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BioMed Research International

Volume 2014 (2014), Article ID 836708, 2 pages

http://dx.doi.org/10.1155/2014/836708
Editorial

Big Data and Network Biology

1Nara Institute of Science and Technology (NAIST), Nara 630-0192, Japan

2University of Nairobi, Nairobi 00100, Kenya

3Bogor Agricultural University, Java Barat 16680, Indonesia

Received 19 May 2014; Accepted 19 May 2014; Published 15 June 2014

Copyright © 2014 Shigehiko Kanaya et al. This is an open access article distributed under the Creative Commons Attribution License, which permits unrestricted use, distribution, and reproduction in any medium, provided the original work is properly cited.


With the data deluge caused by the recent high throughput experiments in molecular biology emerged the popular topics such as big data biology and network biology aiming at understanding life as a system by integrating and applying knowledge and facilities of different branches of science including mathematics, physics, statistics, chemistry, computer science, and information technology. Naturally, the spectrum of topics under big data and network biology is widespread and the present special issue is not an exhaustive representation of the subject. Nonetheless the articles selected for this special issue represent recent trends and versatile knowledge concerning the title topic, that we have the pleasure of sharing with the readers. Data-intensive sciences like contemporary biology consist of three basic activities: capture, curation, and analysis. Being in the bioinformatics domain, this special issue mainly focuses on analysis; that is, it contains articles about novel tools and methodologies for data analysis and mining and review articles describing databases, tools, and algorithms useful for curation and analysis of biological data.

This special issue contains fifteen papers. Three papers discuss software tools for analyzing different “omics” data. Three other papers are review papers discussing versatile aspects of systems biology. Two of the papers present biomedical text mining approaches. The other seven papers are methodology articles related to genomics, transcriptomics, proteomics, metabolomics, and herbal medicines.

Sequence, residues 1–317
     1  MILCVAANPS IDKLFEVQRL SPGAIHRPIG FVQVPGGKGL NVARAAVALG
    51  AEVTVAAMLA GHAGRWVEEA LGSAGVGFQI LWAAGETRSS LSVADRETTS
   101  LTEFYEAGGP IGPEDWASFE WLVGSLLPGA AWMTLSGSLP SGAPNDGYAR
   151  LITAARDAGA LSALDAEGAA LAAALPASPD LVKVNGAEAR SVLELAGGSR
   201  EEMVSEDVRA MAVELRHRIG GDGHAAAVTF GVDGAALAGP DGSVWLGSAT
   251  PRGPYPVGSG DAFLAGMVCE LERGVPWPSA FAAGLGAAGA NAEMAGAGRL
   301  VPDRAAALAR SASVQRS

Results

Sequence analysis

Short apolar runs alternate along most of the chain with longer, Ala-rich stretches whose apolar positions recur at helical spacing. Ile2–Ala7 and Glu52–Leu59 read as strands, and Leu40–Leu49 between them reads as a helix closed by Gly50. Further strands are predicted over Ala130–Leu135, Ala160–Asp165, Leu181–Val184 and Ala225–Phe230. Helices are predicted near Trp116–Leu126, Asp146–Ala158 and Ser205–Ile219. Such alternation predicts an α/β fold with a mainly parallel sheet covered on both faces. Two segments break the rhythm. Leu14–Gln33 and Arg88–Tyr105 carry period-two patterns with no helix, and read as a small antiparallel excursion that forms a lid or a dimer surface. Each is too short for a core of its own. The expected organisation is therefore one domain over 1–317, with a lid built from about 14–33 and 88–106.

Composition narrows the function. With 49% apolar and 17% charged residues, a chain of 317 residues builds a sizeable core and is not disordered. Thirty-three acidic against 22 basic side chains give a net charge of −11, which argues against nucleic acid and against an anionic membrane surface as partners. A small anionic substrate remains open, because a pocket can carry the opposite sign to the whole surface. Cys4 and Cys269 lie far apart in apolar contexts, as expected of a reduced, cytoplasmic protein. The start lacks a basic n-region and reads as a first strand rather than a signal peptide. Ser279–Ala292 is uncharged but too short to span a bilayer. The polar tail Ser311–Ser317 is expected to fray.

The paper “Systems biology in the context of big data and networks,” which is a review paper, gives an overview of the progress in big data biology and data handling and also introduces some applications of networks and multivariate analysis in systems biology.

The paper “AmalgamScope: merging annotations data across the human genome” presents a new interactive software tool developed to assist scientists with annotation of the human genome and in particular the integration of the annotations from multiple data types, using gene identifiers and genomic coordinates. Supported platforms include next-generation sequencing and microarray technologies.

The paper “Integration of residue attributes for sequence diversity characterization of terpenoid enzymes” first determined important metrics describing the biochemical and physical attributes of amino acids. It utilized random forest algorithm to reduce redundancies in the amino acid index. This research contributes a different mechanism toward handling protein sequences. It especially quantifies the sequence information to numerical scale and thus facilitates the application of computational algorithms.

The paper entitled “OWL reasoning framework over big biological knowledge network” presents a general OWL (web ontology language) reasoning framework to systematically study and reveal the implicit relationships among biological entities from big biological networks. In their experiment, the authors focused on association between traditional Chinese medicine (TCM) and Western medicine (WM). The derived associations are useful for biologists to promote the development of novel drugs and also for modernization of TCM.

The paper entitled “A knowledge-driven approach to extract disease-related biomarkers from the literature” developed a text mining approach to extract a dataset of biomarkers related to diseases covering all therapeutic areas by exploiting a large literature database. Additionally, this work presents a bibliometric analysis of the journals reporting biomarker related information during the last 40 years.

The paper “Integrated analysis of gene network in childhood leukemia from microarray and pathway databases” delineates differential responses of acute lymphoblastic leukemia (ALL) subtypes, B-ALL and T-ALL, to glucocorticoids (GCs) treatment by identifying the differences among biological processes, molecular pathways, and interaction networks that emerge from the action of GCs.